Nearly 100 students–gifted students, regular education students, students with disabilities–all register to take a forensic science class listed on the student course request sheet. The students want another option for a science class other than environmental science or human anatomy. They meet with their counselors, they hear positive feedback from previous students, and they look forward to the opportunities taking the course may create. When the next year begins, they are informed that the course is not being offered that year.
This is exactly what happened with the American Sign Language 1 class this year at Starr’s Mill High School. Nearly 100 students selected ASL 1 as a preferred or alternate elective, but when the year began, the course was no longer an option and they had to seek a different elective option.
Starr’s Mill High School houses the Deaf and Hard of Hearing Program for the Fayette County School Corporation. Eighteen students from all over the county are transported to Starr’s Mill where they receive an inclusive education and additional services relevant to their hearing needs. Starr’s Mill provides these students with a least restrictive environment under the Individuals with Disabilities Education Act.
Two years ago, Starr’s Mill introduced an American Sign Language 1 class in order to offer students an additional world language (then referred to as “foreign language”) opportunity. ASL is a system of communication using visual gestures and signs that helps people with hearing impairments. ASL joined Spanish, French, and German as world language course offerings at Starr’s Mill. Acquiring permission and actually offering the course faced some struggles.
When the idea for the ASL classes was first introduced, only students with an Individualized Education Program could take ASL. However, due to parent complaints on the first day of school, Assistant Superintendent of Student Achievement Dr. Terry Oatts opened the class to all students. As a result, in the spring of 2015, Starr’s Mill had 152 students signed up for ASL 1 even though it had not been advertised.
Part of the course’s initial popularity was attributed to the benefits the course offered. Those benefits extend beyond deaf students. According to documents Karneboge uses to discuss the program, “ASL promotes a culturally diverse classroom, encourages awareness of students with disabilities, and creates a tolerance for various learning styles.” Plus, ASL utilizes teaching methods for students who are visual learners.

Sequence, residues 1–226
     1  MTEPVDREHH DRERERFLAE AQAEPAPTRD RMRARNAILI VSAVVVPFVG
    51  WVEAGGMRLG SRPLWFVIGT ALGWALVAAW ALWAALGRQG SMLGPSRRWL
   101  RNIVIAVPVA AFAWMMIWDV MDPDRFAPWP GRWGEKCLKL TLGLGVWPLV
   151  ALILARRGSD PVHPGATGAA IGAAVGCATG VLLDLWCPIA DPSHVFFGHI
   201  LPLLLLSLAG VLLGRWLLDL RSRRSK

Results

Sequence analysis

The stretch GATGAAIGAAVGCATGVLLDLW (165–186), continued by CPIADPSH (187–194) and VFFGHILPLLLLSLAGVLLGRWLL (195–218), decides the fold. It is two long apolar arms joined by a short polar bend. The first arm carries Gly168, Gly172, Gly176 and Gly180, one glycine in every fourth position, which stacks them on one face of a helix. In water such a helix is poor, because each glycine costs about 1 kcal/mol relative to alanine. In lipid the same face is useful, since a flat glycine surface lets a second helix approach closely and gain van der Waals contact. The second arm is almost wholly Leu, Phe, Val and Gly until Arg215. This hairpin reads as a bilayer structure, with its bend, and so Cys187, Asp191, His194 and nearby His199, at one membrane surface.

“It’s [ASL] a good class because there’s a lot of kids who are visual, not auditory, learners,” Karneboge said.
The benefits extend beyond the Mill. Ten of the twenty students currently taking ASL 2 now have an additional pathway for a career to pursue in college.
With so many benefits, why was no class created for the 2016-2017 school year?
“I was told it was a funding issue, so like who would pay for the class,” American Sign Language teacher Julie Karneboge said.
Some argue that because the original intent of the course was to serve students with disabilities and the course is taught by a special education teacher that Exceptional Children’s Services should provide funding for the position. “Ultimately, it is not my place to determine language offerings at our high schools. Dr. Portia Rhodes is the coordinator who works with world languages, and Dr. Terry Oatts approves course offerings,” director of Exceptional Children’s Services Rosie Gwin said.
However, Oatts sees it as more of a local, building-level decision. “The Principal in consultation with the Registrar has to make decisions at the school level about what courses will be offered based upon the requests and the availability of a properly certified teacher to teach those courses,” Oatts said.
Principal Allen Leonard offers a different perspective. “I go to the county every year at the proper time when they [the county] are deciding about the budget, [to say] here is what I like to offer and this is the staff that I need to be able to do that,” Leonard said. “Sign Language is a little bit of a challenge because sign language teachers rarely teach anything else. There are certain number of classes [that the school] can offer.”
Gwin, Oatts, and Leonard may not agree on who should provide the funding necessary to offer the course, but they all agree on the value of offering ASL as a world language.
“I think having sign language as a world language class… is very valuable. One of the usable languages we [the school] can offer,” said Leonard.
“The class allows their peers to learn to communicate better with students who use ASL as their mode of communication. In addition, we need sign language interpreters, and this class might help build interest in that career path,” Gwin said.
“ASL is officially a world language, and as a district, we value affording our students a viable world language pathway,” Oatts said.